For $\kappa\ge\aleph_0$ an infinite cardinal, and for $\kappa<\alpha\le\kappa^+$ an ordinal, we ask the existence of a chain $\left\langle(I_i,{<}):i<\alpha\right\rangle$ of linear orders such that, for all $i<j<\alpha$:

  • (Cardinality) $\left|I_i\right|=\kappa$;
  • (Increasing) $(I_i,{<})\subsetneqq(I_j,{<})$, in the sense that $I_i\subsetneqq I_j$ and ${<}_{I_i}={<}_{I_j}\upharpoonright{I_i}$
  • (Continuity) If $i>0$ is limit, then $(I_i,{<})=\bigcup_{j<i}(I_j,{<})$, in the sense that $I_i=\bigcup_{j<i}I_j$ and ${<}_{I_i}=\bigcup_{j<i}{<}_{I_j}$;
  • (Isomorphism) $(I_i,{<})\cong(I_0,{<})$.


  1. For $(\kappa,\alpha)=(\aleph_0,\omega_1)$, we can take $I_i$ to be the transformation of $(1+i,{<})$ under replacing each point by a copy of $\mathbb{Q}$.
  2. For $\kappa<\alpha<\kappa^+$ any limit ordinal, we can take, for all $i<\alpha$, $$(I_i,{<})=\left(\alpha\cup\left\{j+\tfrac{1}{2}:j<i\right\},{<}\right)\cong(\alpha,{<})$$


Can such a chain $\left\langle(I_i,{<}):i<\kappa^+\right\rangle$ exist for when $\kappa\ge\aleph_1$ and $\alpha=\kappa^+$?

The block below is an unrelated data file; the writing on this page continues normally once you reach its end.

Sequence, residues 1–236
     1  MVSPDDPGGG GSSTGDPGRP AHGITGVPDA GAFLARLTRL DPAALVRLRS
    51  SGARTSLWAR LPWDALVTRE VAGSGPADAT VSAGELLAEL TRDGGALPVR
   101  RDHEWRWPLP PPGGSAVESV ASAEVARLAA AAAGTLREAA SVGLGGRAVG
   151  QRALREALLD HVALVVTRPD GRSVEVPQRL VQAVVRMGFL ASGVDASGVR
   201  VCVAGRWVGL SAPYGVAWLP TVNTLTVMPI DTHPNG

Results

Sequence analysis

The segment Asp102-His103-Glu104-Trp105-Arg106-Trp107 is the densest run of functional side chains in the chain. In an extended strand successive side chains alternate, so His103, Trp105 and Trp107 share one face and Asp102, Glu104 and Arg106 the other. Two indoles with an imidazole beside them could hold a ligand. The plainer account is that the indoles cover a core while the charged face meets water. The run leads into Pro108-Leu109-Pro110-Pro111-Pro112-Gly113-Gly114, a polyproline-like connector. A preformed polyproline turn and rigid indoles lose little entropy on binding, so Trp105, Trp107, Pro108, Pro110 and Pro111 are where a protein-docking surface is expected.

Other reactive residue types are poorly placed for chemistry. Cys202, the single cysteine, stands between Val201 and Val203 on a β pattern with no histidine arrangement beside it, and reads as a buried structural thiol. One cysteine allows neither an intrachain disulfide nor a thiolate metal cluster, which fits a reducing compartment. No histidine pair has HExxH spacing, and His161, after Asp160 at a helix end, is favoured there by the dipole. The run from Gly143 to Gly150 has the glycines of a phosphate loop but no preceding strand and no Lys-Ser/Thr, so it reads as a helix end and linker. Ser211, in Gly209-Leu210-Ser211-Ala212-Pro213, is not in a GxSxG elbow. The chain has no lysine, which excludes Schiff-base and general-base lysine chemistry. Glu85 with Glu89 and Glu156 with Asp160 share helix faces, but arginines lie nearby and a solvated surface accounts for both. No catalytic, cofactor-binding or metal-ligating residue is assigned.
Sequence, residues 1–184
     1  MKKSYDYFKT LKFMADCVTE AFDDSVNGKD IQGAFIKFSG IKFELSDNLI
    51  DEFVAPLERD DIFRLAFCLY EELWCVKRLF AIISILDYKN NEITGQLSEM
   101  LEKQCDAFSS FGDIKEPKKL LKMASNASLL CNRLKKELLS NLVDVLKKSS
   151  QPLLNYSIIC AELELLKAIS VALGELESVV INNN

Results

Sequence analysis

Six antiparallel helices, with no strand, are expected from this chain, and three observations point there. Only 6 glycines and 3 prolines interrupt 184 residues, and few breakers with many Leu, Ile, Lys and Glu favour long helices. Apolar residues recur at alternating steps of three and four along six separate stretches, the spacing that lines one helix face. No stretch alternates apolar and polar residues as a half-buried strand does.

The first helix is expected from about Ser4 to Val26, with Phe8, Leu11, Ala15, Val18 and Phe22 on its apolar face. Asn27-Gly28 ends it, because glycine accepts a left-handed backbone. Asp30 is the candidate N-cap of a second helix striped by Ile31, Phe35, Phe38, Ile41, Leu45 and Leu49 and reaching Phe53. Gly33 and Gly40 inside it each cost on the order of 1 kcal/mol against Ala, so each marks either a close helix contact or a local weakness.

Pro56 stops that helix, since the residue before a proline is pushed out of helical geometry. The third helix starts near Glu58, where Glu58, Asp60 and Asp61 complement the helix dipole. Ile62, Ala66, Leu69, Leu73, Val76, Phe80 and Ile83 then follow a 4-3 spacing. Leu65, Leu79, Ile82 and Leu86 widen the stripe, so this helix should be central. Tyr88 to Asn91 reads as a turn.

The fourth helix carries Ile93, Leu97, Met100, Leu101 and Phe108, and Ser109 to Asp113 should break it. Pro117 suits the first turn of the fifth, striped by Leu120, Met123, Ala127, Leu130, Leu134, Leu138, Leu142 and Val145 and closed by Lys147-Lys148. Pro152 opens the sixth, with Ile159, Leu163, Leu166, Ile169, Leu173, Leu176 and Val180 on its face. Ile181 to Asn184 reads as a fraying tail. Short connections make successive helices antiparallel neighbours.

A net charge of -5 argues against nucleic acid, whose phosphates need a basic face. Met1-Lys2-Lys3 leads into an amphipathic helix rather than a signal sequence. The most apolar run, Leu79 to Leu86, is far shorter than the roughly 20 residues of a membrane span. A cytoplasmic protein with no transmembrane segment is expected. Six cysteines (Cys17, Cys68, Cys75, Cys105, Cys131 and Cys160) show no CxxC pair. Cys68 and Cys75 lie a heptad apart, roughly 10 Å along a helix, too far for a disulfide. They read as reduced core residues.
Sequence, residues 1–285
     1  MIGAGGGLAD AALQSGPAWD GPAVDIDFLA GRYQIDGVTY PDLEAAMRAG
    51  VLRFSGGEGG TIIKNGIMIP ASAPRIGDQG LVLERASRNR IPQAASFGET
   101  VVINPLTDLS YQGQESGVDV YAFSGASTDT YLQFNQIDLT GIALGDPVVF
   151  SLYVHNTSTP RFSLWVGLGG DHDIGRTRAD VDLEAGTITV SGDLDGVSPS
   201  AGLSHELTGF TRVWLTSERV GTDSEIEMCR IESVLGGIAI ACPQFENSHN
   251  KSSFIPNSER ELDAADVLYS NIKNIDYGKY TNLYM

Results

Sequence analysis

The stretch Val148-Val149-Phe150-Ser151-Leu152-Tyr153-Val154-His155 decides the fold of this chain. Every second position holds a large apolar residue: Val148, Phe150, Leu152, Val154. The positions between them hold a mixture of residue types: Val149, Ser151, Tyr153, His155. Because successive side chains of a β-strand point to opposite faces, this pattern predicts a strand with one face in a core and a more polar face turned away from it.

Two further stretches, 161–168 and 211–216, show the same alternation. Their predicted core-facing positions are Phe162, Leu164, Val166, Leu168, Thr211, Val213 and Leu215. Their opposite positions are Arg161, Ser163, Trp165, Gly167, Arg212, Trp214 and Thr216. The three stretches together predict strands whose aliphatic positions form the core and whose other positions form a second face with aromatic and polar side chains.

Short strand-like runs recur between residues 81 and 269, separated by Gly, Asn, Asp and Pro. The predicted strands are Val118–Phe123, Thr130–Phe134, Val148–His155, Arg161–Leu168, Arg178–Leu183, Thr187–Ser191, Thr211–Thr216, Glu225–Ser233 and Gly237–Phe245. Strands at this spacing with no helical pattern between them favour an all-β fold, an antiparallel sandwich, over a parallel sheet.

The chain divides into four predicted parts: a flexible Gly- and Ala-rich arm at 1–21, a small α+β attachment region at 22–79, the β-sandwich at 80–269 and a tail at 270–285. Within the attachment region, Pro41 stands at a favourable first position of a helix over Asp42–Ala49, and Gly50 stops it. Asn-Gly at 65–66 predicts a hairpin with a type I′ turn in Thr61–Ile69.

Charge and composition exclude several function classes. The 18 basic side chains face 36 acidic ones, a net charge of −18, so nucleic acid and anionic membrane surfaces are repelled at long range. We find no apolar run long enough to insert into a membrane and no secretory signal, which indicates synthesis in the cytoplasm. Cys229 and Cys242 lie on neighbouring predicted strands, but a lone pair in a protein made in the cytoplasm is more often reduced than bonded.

The question was originally motivated by considering EM models. I assumed this has some connection to certain special trees of size $\kappa$, but it turned out trickier than I had thought. Much thanks in advance.


1 Answer 1


It is consistent that there is a $(\aleph_1, \omega_2)$ chain.

Assume Proper Forcing Axiom (so $|ℝ|=\aleph_2$), enumerate intervals with rationals end points $(J_i\mid i\in ω)$.

For each $i<\aleph_0$ let $A_{i}$ be a set of $\aleph_1$ real numbers such that $A_i\subseteq J_i$ and $A_i\cap A_j=\emptyset$ for each $i<j<\omega$. Define $A=\bigcup A_i$.

Let $B=\{b_i\}⊆ℝ$ a set of cardinality $\aleph_2$ such that $B\cap A=\emptyset$.

Lastly we define $(I_i\mid i\in \aleph_2)$ with $I_{α}=A\cup\{b_{β}\mid β<α\}$ (All with the usual order of the real numbers), this is trivially increasing continuous sequence.

Clearly, each $\aleph_1=|A|\le|I_α|=|A|+|\alpha|\le2\aleph_1=\aleph_1$.

Now take an interval $J⊆ℝ$, and let $J_k\subseteq J$ be an interval with rational end points, then by construction $A_k\subseteq J_k∩I_{α}\subseteq J∩I_{α}$ hence $|J∩I_{α}|=\aleph_1$, in particular each $I_α$ is a $\aleph_1$-dense set.

Baumgartner has proven in "All $ℵ_1$-dense sets of reals can be isomorphic" that under Proper Forcing Axiom, indeed all such sets are order isomorphic.

  • 2
    $\begingroup$ Nice! Now I wonder whether the result is actually independent.... $\endgroup$ Commented Dec 22, 2022 at 18:30

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